Over the past couple of months, I've discovered Cardio Weighted Flow (CWF) and worked it into my training. It sandwiches weight bearing exercises within cardio movements that will elevate your circuit training to the next level.
Read on to see how you can incorporate it into your gym routine.
What is it?
CWF is akin to building a "fitness sandwich": cardio elements make up the bread, the fillings being loaded movements where the weights are never freed from the gym goer's hands. It's cardio-weights-cardio circuit training with little, to no rest.
How much weight?
It's purely based on ability. A newbie to the gym might grab three or five kgs dumbbells. I use 10 kilo dumbbells, whereas someone built like an AFL athlete might utilise 15 kilos.
Who should do it?
Everybody, because cardio on its own is monotonous. You'll never see serious body transformation if all you do is run, bike, or hit the cross trainer. Conversely, "just weights" will bulk you up, but a lean, balanced body comes from that mix of cardio and weight bearing movements at a high intensity.
Get that upper body
Jump on the rower for a 200 metre row at 100 per cent intensity. Jump off and grab 10 kilo dumbbells for (in succession, do not release the weights) 15 push-ups, 15 squat thrusters, 15 weighted sit-ups (anchor your legs to something), 15 bent over rows, 10 burpees into a bicep curl, then finally releasing the weights for 200 jump ropes. Perform three rounds.
Get that lower body
Sprint on a treadmill for 300m, then jump off and perform 15 weighted squats, 15 (with weights at chest) abdominal leg extensions, 20 walking lunges, a one minute dumbbell plank hold, 10 single arm clean-press (each side), 20 mountain climbers, then drop the weights and repeat the 300m sprint. Perform three rounds.
I like working with kettlebells. Help? Sprint for 300m, then jump off for 15 kettlebell swings, 15 alternating (hand on bell) push-ups, 15 sit-ups with legs wrapped around kettlebell, 10 clean and press each side, then drop the weight for 10 burpees and 200 skips. Perform three rounds.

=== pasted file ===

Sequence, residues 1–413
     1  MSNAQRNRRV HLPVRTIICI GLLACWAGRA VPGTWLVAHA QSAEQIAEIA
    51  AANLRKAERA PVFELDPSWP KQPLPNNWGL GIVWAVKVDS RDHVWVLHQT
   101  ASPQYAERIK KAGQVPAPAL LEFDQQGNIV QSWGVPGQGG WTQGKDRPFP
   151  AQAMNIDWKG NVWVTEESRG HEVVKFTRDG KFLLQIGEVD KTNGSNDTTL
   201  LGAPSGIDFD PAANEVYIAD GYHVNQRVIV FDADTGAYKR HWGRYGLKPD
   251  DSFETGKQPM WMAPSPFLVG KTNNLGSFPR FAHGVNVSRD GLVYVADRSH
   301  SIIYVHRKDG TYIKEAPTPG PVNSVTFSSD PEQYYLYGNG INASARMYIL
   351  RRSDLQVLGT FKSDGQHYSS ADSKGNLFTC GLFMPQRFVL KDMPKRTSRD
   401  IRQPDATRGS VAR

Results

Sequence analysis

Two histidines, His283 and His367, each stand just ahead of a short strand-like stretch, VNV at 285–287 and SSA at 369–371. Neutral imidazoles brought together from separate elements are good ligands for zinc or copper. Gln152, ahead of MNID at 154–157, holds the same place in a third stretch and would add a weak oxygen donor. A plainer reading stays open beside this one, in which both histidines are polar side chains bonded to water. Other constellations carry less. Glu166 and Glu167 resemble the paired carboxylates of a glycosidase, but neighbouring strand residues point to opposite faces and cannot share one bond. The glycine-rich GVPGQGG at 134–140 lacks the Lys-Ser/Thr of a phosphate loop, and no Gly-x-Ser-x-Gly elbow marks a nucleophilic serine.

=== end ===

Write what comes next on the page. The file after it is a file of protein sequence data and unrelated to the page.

Beat the crowd
If your gym is one that is frequently packed to the rafters, here's a minimal space option. I call it Row-Burpees-Run. Try three rounds for a 300 metre row, jump off for 15 dumbbell burpees into a curl-overhead press (add a squat if you like), then hit the treadmill for a 300 metre sprint. Time your session and beat last week's effort.
What's the science
The fitness community constantly debates what's "best" – weights (w)? Cardio (c)? Or both (c+w)? But over an 8-month period, participants who did just cardio (c) and cardio plus weights (c+w) lost the most weight and fat. But the cardio plus weights group (like CWF here) had the most body composition changes because they lost weight and fat while gaining muscle.
The benefits of CWF are:
- Grip and forearm strength. In performing varied movements while never letting go of weight, arm strength will improve dramatically.
- Efficiency. The workload is constant, so sessions are superior in a time crunch. The sessions above are max 30 minutes long.
- Heart health. You're constantly moving - the cardiovascular benefits are obvious.
- Good for all. CWF is intense, but there's no serious overloading, making it doable for all levels.
- Full body muscle gains. Every workout is a head-to-toe session – muscles are constantly firing from start to finish.
Training that combines cardio and strength elements works wonders for fitness and leaning up – CWF is just that. However, there's one more element. When you drop the weights and leave the gym will you drop into the drive thru?
Or do it right and drop some Tassie salmon and veggies on to the grill.
You choose your gut by what you choose to do in the gym and the kitchen.
Passion for lifestyle change is the cornerstone for everything Michael Jarosky does. A Sydney-based personal trainer, he cajoled thousands of 51698009 readers to undertake his "Cut The BS" diet, and champions a charity weight-loss event, Droptober.
Have you tried CWF already? Share your experience in the comments below.